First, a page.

Tech Talk: New insights on how to choose the right wing board volume


 What’s up everyone? Welcome back to Appletree Surfboards and welcome to our beautiful new studio. Please leave a comment in the section down below and let us know what you think about our new surroundings.

This is also our headquarters here in the Netherlands. So if you’re ever around. Feel welcome to send us a message, and you’re always welcome to drop by, check out some boards, and get a coffee.

From this new studio we’re going to record a whole bunch of new videos and new Tech Talks, starting with this one today, which is something of a returning subject: And it’s about volume in wing boards.

Advancing thoughts on wing board volume

We did a video on the subject, I think a year and a half ago. But because we get so many questions about it and there’s also sort of advancing thoughts on this, also with us and also our models developed a little bit further, we want to do another video on this topic.

What to avoid when choosing the right wing board volume

I think I said it last time and it is the thing that I keep saying all the time, is try to avoid your weight in kilos in liters as a volume. And the reason for this is, is the board becomes really quirky and it’s right on the surface of the water making it really susceptible for currents, for chops for waves. It’s really hard to control. So either go bigger or go smaller. But there is some other things to consider, we now realize.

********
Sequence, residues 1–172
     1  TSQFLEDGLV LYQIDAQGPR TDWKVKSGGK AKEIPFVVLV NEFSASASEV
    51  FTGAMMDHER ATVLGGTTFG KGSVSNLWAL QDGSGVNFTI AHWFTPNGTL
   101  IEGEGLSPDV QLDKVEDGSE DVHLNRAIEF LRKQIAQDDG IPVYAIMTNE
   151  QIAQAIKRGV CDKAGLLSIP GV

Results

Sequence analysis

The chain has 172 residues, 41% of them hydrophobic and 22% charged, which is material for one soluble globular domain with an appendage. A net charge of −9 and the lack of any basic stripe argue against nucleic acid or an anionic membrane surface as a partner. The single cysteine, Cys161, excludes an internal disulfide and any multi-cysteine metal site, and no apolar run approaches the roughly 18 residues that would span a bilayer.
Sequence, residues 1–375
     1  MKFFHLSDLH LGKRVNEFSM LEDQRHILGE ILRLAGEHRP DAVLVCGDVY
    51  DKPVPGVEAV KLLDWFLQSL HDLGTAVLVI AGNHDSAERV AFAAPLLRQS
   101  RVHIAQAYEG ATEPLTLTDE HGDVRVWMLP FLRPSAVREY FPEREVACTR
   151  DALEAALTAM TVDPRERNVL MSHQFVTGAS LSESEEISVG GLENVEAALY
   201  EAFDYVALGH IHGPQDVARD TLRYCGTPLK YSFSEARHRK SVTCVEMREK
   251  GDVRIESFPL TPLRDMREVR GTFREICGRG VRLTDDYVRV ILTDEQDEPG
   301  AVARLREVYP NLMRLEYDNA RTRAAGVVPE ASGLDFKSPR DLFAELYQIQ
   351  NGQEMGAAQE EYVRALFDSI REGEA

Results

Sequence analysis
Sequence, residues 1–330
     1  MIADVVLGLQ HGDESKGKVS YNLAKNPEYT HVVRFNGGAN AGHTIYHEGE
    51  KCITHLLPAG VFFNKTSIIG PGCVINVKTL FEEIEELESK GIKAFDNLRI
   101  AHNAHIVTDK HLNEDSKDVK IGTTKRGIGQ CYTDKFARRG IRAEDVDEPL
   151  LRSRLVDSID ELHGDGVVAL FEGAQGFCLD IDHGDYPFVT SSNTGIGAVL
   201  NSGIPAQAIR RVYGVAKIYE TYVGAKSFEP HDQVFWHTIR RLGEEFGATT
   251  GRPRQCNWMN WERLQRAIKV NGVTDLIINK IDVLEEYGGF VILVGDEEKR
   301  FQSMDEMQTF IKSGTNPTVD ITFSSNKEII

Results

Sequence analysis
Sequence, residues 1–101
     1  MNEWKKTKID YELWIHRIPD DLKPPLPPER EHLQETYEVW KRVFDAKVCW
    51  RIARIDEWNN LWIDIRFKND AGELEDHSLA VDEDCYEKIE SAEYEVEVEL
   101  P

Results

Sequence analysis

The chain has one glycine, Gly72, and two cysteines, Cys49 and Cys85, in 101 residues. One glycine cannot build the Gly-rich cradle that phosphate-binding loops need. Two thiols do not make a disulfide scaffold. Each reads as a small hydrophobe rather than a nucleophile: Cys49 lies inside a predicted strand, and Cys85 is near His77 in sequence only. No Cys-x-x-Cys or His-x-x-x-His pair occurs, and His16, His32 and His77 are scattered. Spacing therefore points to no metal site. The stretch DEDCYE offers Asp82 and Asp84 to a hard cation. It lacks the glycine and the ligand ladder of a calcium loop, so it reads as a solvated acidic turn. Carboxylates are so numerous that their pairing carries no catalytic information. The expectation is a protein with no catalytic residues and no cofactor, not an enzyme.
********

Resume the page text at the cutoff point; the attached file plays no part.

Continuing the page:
Things you need to consider first when choosing your wing board size

The first thing I think you have to think about is where do you ride and what type of riding do you want to do? So, for me, I ride a lot on the open ocean. Which makes it very different for me. If you are more of a free rider, you’re on the lake somewhere I think different rules apply.

When to choose a small wing board and when a floating board?

Let’s say in general, the smaller board you can ride, the nicer it is to ride. The more free it is, the easier it carves, but you’re gonna lose your low end ability. And in some locations, or in quite a lot of locations, there’s not a lot of wind, so you need that low end ability. In those cases… Go with a floating board.

Are there any exceptions?

That’s my main thing. You can go with a floating board almost all the time. And if you want to go as small as possible, so as close to your own weight in kilos, in liters in the board the better it is. If you’re just riding flat water or you’re just riding on lakes, the issue of riding a board around your weight is not really that big because there is not so much current, there’s no waves, there’s usually a lot less chop, so it is okay to ride something that is around your weight. I would still advise to go maybe slightly higher, just for safety side, just to be able to get back home.

wing foil board volume

What is the right size for a freestyle wing board?

This advice does change a little bit if you also want to start freestyling. Because if you want to do freestyle, it is quite nice to have a lower volume board just because all the tricks become easier. Jumping is easier with a smaller board, but you have to be in a place where you know you’re going to get strong winds. So there’s a lot of freestyle locations where there is consistent winds. In those cases, definitely go for a smaller board. My advice does stand still there. If you go smaller, go proper small.

The advantages of a sinker style board

So in my case, I’m about 95 kilos, my favorite volume to ride is 60 liters. So it is almost 35, 40 percent under my weight, which seems a lot. But this is a volume that I can just super easily sink. I can actually push it underwater. I don’t have to crawl onto the board. I grab the board and push it under and put my knees on it, grab the wing, get some power, and start going.